And here is the statute for the State of Texas:

Sec. 61.313. USE OF PROTECTED TERM IN NAME OF INSTITUTION; OFFENSES. (a) Unless the institution has been issued a certificate of authority under this subchapter, a person may not:

(1) use the term "college," "university," "seminary," "school of medicine," "medical school," "health science center," "school of law," "law school," or "law center" in the official name or title of a nonexempt private postsecondary educational institution; or

(2) describe an institution using a term listed in Subdivision (1) or a term having a similar meaning.

In fact, all states have similar laws on their books.  

Federal and state regulating agencies provide stringent guidelines that include a lengthy application and audit process in order for a business to be granted accreditation and free use of the terms “college” or “university” in describing their school to the general public. Businesses that disregard these statutes can face penalties ranging from fines and having their business forcibly shuttered to criminal prosecution.  Also, at the civil level, class action lawsuits have been brought by former students against schools that have advertised themselves as an accredited college or university.

InterNACHI® successfully completed the accreditation process as a post-secondary educational institution in 2018, which took several years of planning and execution, and included a 600-page application, as well as months-long in-person and online auditing of its courses, facilities, and business practices by ACCET, the Accrediting Council for Continuing Education & Training, a national accrediting agency recognzied by the US Department of Education. The InterNACHI® School is also a Member College of the National Association of Career Colleges (NACC) of Canada, a national association representing more than 500 regulated career colleges across Canada. 

InterNACHI® School ( is the only home inspector school that has earned national accreditation as a home inspector college.  No other home inspector school can make this claim.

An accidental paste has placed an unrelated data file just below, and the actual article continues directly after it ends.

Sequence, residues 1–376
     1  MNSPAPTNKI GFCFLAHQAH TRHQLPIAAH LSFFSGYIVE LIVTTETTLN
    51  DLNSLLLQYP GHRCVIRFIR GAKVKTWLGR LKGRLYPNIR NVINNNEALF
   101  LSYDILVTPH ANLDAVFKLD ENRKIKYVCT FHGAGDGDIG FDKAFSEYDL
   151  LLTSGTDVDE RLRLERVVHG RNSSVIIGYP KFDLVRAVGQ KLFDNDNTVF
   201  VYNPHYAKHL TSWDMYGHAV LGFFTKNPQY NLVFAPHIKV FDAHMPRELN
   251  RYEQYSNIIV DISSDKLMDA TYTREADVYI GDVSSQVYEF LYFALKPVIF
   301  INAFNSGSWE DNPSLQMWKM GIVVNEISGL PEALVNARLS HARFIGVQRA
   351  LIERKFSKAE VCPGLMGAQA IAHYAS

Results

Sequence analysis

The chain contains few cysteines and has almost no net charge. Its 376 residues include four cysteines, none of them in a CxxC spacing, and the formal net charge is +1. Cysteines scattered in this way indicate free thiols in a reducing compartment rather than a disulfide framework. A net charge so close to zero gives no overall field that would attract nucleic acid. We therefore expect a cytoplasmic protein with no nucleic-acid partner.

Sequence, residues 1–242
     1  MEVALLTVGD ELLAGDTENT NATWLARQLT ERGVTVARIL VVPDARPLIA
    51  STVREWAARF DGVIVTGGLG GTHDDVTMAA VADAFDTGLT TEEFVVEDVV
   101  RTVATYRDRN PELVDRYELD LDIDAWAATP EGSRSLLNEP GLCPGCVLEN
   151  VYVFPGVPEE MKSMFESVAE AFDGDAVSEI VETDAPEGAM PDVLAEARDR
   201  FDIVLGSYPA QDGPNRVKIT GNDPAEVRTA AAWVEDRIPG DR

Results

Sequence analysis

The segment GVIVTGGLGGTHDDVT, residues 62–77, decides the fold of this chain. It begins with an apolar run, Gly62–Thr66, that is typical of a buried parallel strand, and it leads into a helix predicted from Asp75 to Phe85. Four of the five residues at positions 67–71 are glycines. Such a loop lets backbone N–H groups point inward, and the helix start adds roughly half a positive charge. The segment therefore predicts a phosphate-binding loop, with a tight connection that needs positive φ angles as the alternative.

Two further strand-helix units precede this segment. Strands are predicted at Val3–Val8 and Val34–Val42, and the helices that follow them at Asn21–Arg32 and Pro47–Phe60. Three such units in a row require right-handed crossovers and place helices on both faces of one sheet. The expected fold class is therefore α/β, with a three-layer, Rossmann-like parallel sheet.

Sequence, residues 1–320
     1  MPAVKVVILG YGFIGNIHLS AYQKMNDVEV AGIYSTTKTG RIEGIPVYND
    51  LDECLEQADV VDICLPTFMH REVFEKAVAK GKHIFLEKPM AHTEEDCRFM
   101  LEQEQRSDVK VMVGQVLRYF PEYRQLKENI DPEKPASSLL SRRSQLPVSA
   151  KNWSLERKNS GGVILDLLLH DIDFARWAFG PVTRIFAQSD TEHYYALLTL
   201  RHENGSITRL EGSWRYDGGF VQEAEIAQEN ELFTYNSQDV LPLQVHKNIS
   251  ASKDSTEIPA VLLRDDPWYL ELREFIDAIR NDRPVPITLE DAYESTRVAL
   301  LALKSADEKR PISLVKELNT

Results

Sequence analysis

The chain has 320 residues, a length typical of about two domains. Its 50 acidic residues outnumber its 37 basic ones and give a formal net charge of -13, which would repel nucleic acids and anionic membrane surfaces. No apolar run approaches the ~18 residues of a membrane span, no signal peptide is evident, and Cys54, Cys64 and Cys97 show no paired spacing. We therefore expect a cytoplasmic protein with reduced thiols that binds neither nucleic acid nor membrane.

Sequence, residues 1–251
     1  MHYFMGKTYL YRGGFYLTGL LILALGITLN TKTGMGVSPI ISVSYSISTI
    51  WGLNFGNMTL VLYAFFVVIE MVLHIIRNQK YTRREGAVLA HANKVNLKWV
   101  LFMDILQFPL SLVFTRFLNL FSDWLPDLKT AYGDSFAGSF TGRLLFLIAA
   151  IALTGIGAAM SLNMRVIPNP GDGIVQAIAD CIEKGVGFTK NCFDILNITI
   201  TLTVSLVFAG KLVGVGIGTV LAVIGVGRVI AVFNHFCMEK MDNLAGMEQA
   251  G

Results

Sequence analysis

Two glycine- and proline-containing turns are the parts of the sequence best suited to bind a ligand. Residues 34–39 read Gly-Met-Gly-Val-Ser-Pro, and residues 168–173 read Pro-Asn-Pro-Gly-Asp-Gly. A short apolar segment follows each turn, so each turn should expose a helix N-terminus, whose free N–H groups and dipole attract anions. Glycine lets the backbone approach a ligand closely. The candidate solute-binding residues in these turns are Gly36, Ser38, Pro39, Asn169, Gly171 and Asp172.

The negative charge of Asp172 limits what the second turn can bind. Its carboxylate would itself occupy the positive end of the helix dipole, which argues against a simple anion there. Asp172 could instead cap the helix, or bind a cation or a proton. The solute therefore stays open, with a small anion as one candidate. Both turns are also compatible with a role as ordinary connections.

Needless to say, not all home inspector schools can pass such a critical review process, and with good reason.  Federal and state agencies are dedicated to keeping their standards for post-secondary education high, and accreditation is their assurance to the public that the accredited school has, indeed, undergone rigorous evaluation.  This assurance means that students will receive value for their tuition that is recognized by consumers and entities that hire trained and qualified graduates. Any home inspector school – other than InterNACHI® – that has “College” or “University” in its name is in violation of these laws, and there are mechanisms in place for reporting such violations. 

Be sure that you’re getting the best value for your money from a home inspector school that is abiding by both state and federal laws, even if that school doesn’t use “College” or “University” in its name.  Your livelihood may depend on it. 


Read the State of Florida's regulations.
Read the Commonwealth of Virginia's full statute.
Read the State of Nevada's full statute.
InterNACHI® School Accreditation.
Read the ACCET letter granting accreditation.
View InterNACHI's Certificate of Accreditation.
Read more about the USDE's regulations, and verify InterNACHI's accreditation.
Verify InterNACHI's NACC Membership.
Read the list of all of InterNACHI's approvals and accreditations.
Learn the differences between diploma mills and accredited institutions.
Read more articles like this about home inspections, legal issues, and marketing and business success strategies for home inspectors.